Sailing Around Cape Horn by Cat

Yvan Bourgnon and Sebastien Roubine have conquered sailing's equivalent of Everest: rounding Cape Horn in a beach cat.

Sailing World


Yvan Bourgnon and Sebastien Roubine rounded Cape Horn in a modified beach

Cape Horn has long been the most iconic landmark in the minds of sailors. In fact, for reasons of history, geography, and drama, I think it should be an iconic landmark in the minds of all humanity—so much so that it annoys me when the sailing world diminishes its Greatest Cape by endlessly and tiresomely referring to sailing around the Horn as the "Everest of sailing." Do you think any climbers would be willing to undermine Everest by calling it the "Cape Horn of climbing"? Cape Horn can stand on its own. We don't need to compare it to a mountain. It's an otherworldly place at the bottom of the globe; and its unique blend of soaring rock, harsh seas, and weather astride a key sailing route helped Cape Horn bring ship design and sailing skill to an apex during the 19th-century clipper era.

Bernard Moitessier perfectly captured its essence when he wrote in "The Long Way":

For the sailor, a great cape is both a very simple and an extremely complicated whole of rocks, currents, breaking seas and huge waves, fair winds and gales, joys and fears, fatigue, dreams, painful hands, empty stomachs, wonderful moments, and suffering at times.

A great cape, for us, can't be expressed in longitude and latitude alone. A great cape has a soul, with very soft, very violent shadows and colours. A soul as smooth as a child's, as hard as a criminal's. And that is why we go.
And Jack London perfectly captured its challenge, and the degree of sacrifice and commitment it took for a ship and crew to claw past Cape Horn, in his great short story "Make Westing":
The Mary Rogers was strained, the crew was strained, and big Dan Cullen, master, was likewise strained. Perhaps he was strained most of
all, for upon him rested the responsibility of that titanic struggle. He slept most of the time in his clothes, though he rarely slept. He
haunted the deck at night, a great, burly, robust ghost, black with the sunburn of thirty years of sea and hairy as an orang-utan. He, in turn,
was haunted by one thought of action, a sailing direction for the Horn: "Whatever you do, make westing! make westing!" It was an obsession. He
thought of nothing else, except, at times, to blaspheme God for sending such bitter weather.

"Make westing!" He hugged the Horn, and a dozen times lay hove to with the iron Cape bearing east-by-north, or north-north-east, a score of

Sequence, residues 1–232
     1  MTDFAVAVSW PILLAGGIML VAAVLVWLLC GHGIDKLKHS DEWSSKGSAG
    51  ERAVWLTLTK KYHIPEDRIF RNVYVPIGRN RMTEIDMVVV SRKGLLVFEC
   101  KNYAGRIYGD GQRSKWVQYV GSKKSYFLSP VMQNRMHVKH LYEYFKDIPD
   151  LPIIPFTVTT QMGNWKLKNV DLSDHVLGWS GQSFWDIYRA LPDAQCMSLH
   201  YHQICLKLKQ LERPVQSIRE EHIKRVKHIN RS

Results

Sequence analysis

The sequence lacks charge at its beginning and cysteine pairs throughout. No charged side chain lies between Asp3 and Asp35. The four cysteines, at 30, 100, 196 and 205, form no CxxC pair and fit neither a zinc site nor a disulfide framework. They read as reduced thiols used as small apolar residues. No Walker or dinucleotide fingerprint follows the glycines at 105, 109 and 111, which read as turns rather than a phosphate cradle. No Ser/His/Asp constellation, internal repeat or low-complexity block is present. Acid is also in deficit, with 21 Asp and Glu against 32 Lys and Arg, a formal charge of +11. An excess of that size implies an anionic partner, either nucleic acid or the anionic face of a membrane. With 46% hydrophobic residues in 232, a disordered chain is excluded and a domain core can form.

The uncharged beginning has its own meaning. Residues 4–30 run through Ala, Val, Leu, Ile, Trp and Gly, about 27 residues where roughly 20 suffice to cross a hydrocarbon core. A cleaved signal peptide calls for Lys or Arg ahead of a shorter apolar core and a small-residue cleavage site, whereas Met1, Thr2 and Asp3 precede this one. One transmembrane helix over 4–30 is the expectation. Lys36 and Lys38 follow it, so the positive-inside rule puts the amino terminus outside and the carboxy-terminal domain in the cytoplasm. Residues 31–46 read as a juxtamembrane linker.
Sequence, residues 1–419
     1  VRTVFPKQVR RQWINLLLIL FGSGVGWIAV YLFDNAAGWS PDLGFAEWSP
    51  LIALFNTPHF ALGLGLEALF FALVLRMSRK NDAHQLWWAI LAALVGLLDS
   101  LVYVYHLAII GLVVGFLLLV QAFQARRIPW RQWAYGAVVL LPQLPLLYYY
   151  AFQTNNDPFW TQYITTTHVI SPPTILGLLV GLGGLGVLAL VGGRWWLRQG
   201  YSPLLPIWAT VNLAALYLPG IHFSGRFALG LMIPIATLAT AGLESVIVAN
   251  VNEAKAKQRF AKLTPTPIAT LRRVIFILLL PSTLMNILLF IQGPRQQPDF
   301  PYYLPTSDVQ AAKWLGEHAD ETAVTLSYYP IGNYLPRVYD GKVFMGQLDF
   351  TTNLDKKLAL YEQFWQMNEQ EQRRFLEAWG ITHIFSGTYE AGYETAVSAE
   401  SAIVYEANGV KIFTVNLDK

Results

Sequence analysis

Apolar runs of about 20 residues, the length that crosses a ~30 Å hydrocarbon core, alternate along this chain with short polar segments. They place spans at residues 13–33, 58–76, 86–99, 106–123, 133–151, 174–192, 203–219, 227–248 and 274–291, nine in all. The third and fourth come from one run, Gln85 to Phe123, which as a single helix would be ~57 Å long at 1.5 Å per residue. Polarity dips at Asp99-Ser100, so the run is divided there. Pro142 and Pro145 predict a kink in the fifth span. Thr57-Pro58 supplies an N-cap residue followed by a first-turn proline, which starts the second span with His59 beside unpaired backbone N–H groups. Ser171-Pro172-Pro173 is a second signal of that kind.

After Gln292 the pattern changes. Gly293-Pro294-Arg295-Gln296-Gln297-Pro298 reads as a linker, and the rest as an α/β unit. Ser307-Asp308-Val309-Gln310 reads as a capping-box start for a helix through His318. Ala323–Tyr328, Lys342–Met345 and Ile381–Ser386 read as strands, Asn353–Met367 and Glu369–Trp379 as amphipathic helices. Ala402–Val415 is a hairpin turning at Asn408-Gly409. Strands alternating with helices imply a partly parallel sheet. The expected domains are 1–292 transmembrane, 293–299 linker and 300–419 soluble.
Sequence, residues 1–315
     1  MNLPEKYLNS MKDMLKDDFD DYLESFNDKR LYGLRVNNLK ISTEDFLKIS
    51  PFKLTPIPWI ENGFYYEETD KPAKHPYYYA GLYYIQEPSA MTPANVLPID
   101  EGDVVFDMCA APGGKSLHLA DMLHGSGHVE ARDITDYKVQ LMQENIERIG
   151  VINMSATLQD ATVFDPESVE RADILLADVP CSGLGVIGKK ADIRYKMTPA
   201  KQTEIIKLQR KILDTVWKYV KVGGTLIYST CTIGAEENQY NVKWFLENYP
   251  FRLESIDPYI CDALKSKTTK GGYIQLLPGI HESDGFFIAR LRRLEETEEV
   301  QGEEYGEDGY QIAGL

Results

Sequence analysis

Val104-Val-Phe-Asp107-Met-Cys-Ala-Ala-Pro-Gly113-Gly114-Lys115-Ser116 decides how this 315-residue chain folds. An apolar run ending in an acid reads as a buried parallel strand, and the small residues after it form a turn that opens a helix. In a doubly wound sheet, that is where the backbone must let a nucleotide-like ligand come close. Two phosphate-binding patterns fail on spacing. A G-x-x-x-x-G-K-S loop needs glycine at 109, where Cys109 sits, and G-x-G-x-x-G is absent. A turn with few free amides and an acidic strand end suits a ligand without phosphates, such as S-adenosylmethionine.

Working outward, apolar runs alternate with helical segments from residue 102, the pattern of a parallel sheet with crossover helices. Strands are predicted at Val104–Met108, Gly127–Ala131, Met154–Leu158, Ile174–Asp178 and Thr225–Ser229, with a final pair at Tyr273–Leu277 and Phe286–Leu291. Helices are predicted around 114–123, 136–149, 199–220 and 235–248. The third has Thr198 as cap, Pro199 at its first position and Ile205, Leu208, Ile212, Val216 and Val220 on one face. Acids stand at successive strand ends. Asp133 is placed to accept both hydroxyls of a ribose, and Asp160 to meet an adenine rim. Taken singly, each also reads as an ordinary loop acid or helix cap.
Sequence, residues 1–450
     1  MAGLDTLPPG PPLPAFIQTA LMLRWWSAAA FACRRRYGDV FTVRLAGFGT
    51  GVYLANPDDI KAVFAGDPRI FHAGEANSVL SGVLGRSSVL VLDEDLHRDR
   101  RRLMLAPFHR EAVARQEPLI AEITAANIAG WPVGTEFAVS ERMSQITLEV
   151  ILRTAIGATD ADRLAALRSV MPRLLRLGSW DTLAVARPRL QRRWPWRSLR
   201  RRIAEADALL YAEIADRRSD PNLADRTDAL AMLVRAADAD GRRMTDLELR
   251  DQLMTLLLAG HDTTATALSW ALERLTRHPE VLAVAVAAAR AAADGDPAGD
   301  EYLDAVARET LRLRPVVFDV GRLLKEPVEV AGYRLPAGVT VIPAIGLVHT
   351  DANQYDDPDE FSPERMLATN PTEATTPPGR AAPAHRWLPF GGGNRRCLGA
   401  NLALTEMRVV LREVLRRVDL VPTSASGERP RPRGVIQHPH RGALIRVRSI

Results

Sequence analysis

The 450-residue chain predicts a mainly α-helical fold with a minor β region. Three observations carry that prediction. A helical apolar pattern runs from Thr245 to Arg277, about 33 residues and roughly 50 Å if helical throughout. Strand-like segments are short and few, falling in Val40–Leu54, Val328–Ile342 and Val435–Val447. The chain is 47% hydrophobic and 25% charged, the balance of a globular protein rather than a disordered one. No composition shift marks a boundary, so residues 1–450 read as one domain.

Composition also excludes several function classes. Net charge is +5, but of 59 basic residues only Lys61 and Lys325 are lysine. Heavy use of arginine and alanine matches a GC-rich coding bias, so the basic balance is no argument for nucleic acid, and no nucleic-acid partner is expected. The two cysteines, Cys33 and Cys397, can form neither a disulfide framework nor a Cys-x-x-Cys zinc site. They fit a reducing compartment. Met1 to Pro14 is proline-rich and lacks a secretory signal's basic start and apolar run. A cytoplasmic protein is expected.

miles away. And each time the eternal west wind smote him back and he made easting. He fought gale after gale, south to 64°, inside the
antarctic drift-ice, and pledged his immortal soul to the Powers of Darkness for a bit of westing, for a slant to take him around._

It wasn't until the 20th century that the first small-boat sailors even began to conceive of the possibility of a voyage around Cape Horn. Joshua Slocum stayed inside Cape Horn as the century turned. But in 1923 Conor O'Brien and crew, aboard the 43-foot Saorise, made the passage. Al Hansen, a Norwegian, was the first small-boat sailor to solo Cape Horn, in 1934. Argentinian Vito Dumas followed in 1942, as part of a solo Southern Ocean circumnavigation. And if you haven't read the Cape Horn travails of Mile and Beryl Smeeton then you have a great read coming. Many other sailors followed in their wakes.

But since those early pioneers, advances in technology (yacht design, search and rescue, satellite positioning, weather forecasting, and communications) have diminished, as technology always does, the sublime challenge and experience of rounding Cape Horn. These days, many sailors relegate the feat to a bucket-list item, to be ticked off if there's time and opportunity, instead of a voyage deep into the soul, one that places life and death entirely in the hands of the individual, subject to the capricious intent of the monstrous weather systems on the Southern Ocean.

But there's one way to redeem Cape Horn, to restore it to the mythic status it truly deserves. And that is to sail around it in a small boat that is devoid of all the technology and safety buffers that can strip adventure bare. So I want to thank Yvan Bourgnon and Sebastien Roubine for recently doing just that. They sailed around Cape Horn in a modified Nacra F-20. Yep, a beach cat.

It doesn't get any more elemental than that. Their 60-hour voyage was everything they expected it might be. Hellish seas, 50-knot winds, a desperate struggle to keep the boat upright and stay with it. "It was the hardest thing I've done," said Bourgnon, who's sailed everything from the Mini Transat to the Route De Rhum. He added that his Cape Horn rounding required "a dose of insanity." See for yourself what it was all about.

If you round Cape Horn in a beach cat, you're reducing the challenge to its most basic—and critical—elements: Sailor, Boat, Southern Ocean, a Great Cape. That's an adventure well worth having and admiring. Dare I say it's the equivalent of climbing Everest without oxygen? Either way, putting aside all the modern weapons humanity has developed to conquer and hollow out the greatest natural challenges Nature can offer is exactly the right way to honor the greatest sailing landmark on the planet.